New Bugs Discovered in Software That Caused 'Heartbleed' Attack

Jun 06, 2014 05:14 PM EDT | Matt Mercuro

Security researchers have discovered new bugs in the web encryption software that caused the pernicious "Heartbleed" threat that popped up in April, according to Reuters.

The vulnerabilities in OpenSSL could allow hackers to spy on communications, according to Reuters. The experts said it doesn't seem to be as serious as "Heartbleed" though.

The new bugs were announced on June 5, after the group responsible for developing the software released an OpenSSL update that contains seven security repairs.

OpenSSL technology is used on about two-thirds of all websites, including ones run by: Facebook, Google, Yahoo, and Amazon. It also incorporated into thousands of technology products from companies like Hewlett-Packard, Oracle, Intel, and IBM.

The websites and technology firms that use OpenSSL technology should install the update on their systems as soon as possible, according to Reuters.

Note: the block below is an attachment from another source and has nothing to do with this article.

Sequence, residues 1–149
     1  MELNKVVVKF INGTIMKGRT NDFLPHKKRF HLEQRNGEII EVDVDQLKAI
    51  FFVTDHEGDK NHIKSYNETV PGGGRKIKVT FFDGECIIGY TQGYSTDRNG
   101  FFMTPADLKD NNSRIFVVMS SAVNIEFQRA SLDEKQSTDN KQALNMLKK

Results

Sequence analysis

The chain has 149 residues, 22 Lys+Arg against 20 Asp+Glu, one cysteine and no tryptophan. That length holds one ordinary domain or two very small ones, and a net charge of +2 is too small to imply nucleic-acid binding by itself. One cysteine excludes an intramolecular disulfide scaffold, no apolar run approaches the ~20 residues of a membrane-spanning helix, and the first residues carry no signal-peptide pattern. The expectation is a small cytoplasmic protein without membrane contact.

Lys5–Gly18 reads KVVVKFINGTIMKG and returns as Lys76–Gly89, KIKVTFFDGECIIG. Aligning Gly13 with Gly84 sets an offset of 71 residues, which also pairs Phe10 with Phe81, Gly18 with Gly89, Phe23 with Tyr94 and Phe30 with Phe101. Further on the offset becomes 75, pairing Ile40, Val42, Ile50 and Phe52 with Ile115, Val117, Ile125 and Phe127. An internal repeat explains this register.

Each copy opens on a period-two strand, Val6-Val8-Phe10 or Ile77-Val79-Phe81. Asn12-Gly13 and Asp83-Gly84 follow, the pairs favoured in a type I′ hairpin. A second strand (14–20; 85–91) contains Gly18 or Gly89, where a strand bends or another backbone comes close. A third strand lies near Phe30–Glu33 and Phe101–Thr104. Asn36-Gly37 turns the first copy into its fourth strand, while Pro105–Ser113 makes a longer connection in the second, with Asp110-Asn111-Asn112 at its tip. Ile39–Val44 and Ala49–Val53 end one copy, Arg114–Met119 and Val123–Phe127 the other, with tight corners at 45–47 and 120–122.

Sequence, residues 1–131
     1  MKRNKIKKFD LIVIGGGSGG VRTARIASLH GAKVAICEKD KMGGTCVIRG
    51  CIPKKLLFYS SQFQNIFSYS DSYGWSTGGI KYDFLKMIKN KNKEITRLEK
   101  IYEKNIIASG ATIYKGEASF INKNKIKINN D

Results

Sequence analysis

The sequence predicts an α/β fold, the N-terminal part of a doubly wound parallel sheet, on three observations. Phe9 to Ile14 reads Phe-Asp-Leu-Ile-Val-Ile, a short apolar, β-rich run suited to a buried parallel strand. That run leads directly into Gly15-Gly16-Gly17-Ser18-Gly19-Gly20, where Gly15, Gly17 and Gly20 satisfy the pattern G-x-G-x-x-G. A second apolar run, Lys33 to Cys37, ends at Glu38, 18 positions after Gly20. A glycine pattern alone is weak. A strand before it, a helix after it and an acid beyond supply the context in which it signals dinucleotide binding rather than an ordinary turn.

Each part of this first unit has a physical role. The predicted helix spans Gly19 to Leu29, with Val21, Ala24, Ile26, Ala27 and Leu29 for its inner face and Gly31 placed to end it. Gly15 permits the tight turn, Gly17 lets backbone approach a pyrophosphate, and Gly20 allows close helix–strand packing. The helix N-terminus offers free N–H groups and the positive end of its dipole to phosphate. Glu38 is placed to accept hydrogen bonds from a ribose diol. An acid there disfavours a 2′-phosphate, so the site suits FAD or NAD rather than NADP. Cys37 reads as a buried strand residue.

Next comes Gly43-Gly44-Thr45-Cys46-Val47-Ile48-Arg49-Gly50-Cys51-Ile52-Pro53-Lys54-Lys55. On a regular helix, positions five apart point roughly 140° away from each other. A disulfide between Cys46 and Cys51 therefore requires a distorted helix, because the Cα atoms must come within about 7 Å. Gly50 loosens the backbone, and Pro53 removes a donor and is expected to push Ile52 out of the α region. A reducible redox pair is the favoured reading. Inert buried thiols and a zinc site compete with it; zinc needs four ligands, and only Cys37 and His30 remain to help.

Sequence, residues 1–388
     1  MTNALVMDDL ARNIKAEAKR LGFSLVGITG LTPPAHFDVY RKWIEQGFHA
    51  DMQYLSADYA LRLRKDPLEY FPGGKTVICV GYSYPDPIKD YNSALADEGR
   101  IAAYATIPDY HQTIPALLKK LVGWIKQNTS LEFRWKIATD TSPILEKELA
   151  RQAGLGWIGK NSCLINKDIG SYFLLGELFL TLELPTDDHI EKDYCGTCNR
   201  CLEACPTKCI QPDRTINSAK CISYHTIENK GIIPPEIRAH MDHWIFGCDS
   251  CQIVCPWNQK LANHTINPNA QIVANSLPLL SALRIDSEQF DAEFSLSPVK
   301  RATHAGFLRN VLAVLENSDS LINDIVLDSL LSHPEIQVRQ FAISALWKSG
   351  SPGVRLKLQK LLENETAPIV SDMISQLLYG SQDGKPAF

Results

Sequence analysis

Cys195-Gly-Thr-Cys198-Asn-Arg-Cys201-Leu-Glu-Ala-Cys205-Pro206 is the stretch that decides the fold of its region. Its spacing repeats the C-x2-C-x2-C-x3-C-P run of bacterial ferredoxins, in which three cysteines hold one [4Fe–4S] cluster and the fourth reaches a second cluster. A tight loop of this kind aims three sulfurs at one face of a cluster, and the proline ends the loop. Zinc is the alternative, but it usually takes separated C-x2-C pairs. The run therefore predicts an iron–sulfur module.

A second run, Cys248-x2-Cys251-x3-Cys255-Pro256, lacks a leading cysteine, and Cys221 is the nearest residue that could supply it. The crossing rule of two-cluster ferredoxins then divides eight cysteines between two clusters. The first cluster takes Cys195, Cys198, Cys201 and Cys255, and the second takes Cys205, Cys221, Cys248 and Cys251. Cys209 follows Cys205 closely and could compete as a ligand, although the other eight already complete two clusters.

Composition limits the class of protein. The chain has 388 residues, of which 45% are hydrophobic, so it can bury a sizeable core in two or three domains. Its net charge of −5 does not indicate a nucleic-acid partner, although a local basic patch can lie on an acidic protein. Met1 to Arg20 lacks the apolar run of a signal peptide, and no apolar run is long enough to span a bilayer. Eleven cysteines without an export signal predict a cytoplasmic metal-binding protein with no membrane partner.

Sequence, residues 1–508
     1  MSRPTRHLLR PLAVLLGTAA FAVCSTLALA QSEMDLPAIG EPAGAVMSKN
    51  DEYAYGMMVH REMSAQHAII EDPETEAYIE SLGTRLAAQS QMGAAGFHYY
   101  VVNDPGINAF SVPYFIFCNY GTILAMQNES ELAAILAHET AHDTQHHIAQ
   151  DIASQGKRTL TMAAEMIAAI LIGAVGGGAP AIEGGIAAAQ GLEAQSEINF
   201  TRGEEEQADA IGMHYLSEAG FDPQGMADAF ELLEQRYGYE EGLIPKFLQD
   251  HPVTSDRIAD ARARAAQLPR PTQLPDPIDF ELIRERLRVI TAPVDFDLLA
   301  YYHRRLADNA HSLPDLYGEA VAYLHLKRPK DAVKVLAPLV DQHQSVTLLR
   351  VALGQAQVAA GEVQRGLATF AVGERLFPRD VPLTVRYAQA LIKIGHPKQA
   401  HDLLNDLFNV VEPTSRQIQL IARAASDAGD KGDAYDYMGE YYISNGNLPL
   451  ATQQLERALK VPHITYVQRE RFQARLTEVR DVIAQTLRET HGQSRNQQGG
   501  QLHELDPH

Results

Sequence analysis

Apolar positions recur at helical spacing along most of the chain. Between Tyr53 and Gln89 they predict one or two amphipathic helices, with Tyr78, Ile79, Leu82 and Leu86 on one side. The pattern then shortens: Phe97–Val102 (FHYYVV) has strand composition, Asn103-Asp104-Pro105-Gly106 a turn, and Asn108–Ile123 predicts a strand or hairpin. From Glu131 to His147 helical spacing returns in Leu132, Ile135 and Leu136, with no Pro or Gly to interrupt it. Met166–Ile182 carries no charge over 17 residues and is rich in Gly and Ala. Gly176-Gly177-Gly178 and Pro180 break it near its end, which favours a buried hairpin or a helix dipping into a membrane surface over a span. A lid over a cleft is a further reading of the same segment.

It could take weeks because companies need to test systems to make sure they are compatible with the update first.

"They are going to have to patch. This will take some time," said Lee Weiner, senior vice president with cybersecurity software maker Rapid7, according to Reuters.

The "Heartbleed" bug that surfaced two months ago when it was disclosed that the flaw potentially exposed users of those websites and technologies to attack by hackers.

This prompted fear that hackers might have compromised large numbers of networks without them even knowing.

The newly discovered bugs are "more difficult" to exploit than "Heartbleed," according to Reuters.

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